So you signed up for new health insurance, and then BAM—you are injured in a car accident. Why do you need a lawyer? Many car accident victims are surprised to learn that the other driver's insurance company will not pay for your medical bills as you recover from your injuries. Even though you were injured because someone else was at fault, you still have to pay for your medical bills as you recover from your injuries—and your health insurance does not cover 100%.
How do car accident medical bills get paid?
Medical Payments Coverage
Under Colorado law, you are responsible for your own medical bills from a car accident. The first thing to do is to report the accident to your own insurance company—even though you were not at fault. (Your insurance does not go up if the car accident was not your fault.) Your own auto insurance probably has $5,000 in Medical Payments Coverage. This coverage is mandatory in Colorado (unless you rejected it in writing) and will pay 100% of all medical bills related to your car accident up to $5,000.
Medical bills for many auto injuries can cost more than $5,000. After your Medical Payments coverage is used up, you'll need to start submitting your bills to your health insurance. Even if you have health insurance, whether through the Affordable Care Act ("Obamacare") or through your employer, you will still be faced with large medical bills that are not covered by your health insurance (co-pays and deductibles can quickly add up to thousands of dollars). These bills can pile up quickly and, if not paid by you, those bills will be put into collections and will get on your credit report.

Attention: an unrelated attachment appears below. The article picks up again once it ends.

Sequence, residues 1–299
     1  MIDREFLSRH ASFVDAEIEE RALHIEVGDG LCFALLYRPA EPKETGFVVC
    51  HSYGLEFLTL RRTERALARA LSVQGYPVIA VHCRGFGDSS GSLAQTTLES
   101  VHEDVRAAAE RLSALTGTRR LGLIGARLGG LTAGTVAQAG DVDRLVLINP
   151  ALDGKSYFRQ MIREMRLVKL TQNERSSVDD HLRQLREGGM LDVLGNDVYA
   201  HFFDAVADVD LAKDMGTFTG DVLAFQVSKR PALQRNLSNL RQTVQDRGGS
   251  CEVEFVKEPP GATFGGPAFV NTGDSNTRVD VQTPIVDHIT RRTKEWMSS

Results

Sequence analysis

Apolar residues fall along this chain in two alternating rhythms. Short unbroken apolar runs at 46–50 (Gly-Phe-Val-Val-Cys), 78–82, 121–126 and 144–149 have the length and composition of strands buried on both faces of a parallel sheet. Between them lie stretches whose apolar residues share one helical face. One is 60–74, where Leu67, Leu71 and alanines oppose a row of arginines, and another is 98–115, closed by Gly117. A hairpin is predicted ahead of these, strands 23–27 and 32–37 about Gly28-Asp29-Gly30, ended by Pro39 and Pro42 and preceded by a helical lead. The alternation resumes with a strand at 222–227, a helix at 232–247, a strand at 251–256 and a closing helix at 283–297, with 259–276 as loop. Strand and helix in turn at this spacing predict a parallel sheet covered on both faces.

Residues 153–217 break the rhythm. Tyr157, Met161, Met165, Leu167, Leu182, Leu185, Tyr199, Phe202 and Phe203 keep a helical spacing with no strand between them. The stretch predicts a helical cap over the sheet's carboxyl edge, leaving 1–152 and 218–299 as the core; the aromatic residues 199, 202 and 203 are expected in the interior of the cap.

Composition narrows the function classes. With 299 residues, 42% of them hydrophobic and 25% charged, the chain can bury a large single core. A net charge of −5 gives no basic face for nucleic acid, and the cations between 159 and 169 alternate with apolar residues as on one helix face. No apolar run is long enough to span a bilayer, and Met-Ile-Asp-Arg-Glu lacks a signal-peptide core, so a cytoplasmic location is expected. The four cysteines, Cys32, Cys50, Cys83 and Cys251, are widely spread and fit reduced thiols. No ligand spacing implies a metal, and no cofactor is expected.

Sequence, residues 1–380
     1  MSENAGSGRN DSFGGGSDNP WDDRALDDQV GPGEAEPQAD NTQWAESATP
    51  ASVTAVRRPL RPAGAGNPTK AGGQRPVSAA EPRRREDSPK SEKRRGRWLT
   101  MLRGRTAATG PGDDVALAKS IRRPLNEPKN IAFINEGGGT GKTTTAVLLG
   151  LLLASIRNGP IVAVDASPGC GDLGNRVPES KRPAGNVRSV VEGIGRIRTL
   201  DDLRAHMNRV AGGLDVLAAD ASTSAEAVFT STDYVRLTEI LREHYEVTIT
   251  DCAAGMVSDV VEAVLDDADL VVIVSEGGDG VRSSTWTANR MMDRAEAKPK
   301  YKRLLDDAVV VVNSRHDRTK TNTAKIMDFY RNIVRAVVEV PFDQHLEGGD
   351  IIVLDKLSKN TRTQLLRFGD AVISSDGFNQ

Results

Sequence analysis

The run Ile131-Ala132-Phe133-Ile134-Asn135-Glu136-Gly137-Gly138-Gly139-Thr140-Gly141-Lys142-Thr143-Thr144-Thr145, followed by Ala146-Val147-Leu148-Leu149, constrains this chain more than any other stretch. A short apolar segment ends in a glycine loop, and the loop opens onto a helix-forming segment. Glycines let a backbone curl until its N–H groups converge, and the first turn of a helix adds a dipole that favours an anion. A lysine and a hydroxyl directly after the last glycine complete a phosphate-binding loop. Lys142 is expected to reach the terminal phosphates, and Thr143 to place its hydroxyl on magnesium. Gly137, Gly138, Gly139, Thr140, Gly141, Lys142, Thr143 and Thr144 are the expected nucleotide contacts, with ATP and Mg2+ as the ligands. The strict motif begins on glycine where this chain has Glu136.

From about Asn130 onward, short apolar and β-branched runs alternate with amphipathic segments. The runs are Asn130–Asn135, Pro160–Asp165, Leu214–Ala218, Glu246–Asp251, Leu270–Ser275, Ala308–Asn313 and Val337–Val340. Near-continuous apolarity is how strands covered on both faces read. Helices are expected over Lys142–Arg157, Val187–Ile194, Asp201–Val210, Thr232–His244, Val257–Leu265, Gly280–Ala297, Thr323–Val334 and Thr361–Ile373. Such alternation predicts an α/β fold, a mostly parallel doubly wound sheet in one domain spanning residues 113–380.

How can a Colorado Springs accident lawyer help?
Experienced car accident attorneys like Clawson & Clawson know how to navigate the medical bill process for their car accident clients. They can help you access resources and options to postpone payment of uncovered medical expenses until your case against the other driver is resolved.